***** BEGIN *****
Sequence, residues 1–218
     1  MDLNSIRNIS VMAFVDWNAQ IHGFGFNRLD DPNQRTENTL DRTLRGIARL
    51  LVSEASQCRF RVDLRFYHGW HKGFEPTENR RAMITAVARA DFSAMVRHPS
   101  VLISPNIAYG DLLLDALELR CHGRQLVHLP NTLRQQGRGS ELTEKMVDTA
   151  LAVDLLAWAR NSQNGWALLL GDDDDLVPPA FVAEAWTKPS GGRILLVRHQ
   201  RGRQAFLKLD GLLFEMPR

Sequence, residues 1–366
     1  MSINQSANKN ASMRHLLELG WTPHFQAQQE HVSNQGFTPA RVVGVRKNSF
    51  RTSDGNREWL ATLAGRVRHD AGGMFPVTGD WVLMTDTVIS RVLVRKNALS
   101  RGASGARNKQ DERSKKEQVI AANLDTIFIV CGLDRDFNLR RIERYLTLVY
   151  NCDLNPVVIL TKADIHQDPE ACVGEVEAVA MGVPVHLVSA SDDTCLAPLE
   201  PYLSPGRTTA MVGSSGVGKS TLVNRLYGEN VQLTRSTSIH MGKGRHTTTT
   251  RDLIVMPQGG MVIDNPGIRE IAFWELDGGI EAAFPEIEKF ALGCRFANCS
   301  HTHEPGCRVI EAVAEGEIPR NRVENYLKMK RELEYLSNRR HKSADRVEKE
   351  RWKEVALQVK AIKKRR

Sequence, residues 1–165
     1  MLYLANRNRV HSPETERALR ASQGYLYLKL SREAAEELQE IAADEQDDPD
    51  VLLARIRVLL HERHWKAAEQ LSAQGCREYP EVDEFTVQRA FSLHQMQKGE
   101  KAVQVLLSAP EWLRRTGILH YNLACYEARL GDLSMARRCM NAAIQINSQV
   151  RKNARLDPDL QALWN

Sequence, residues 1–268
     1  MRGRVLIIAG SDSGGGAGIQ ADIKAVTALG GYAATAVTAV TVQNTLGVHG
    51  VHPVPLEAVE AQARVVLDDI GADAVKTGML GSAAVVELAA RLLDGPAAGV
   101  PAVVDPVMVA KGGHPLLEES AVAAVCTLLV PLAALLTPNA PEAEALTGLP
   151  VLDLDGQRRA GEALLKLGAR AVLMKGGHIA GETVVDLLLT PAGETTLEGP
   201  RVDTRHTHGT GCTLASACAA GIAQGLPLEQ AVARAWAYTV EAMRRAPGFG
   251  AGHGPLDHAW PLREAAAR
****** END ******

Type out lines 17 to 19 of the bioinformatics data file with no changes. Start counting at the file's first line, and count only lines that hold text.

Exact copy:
     1  MLYLANRNRV HSPETERALR ASQGYLYLKL SREAAEELQE IAADEQDDPD
    51  VLLARIRVLL HERHWKAAEQ LSAQGCREYP EVDEFTVQRA FSLHQMQKGE
   101  KAVQVLLSAP EWLRRTGILH YNLACYEARL GDLSMARRCM NAAIQINSQV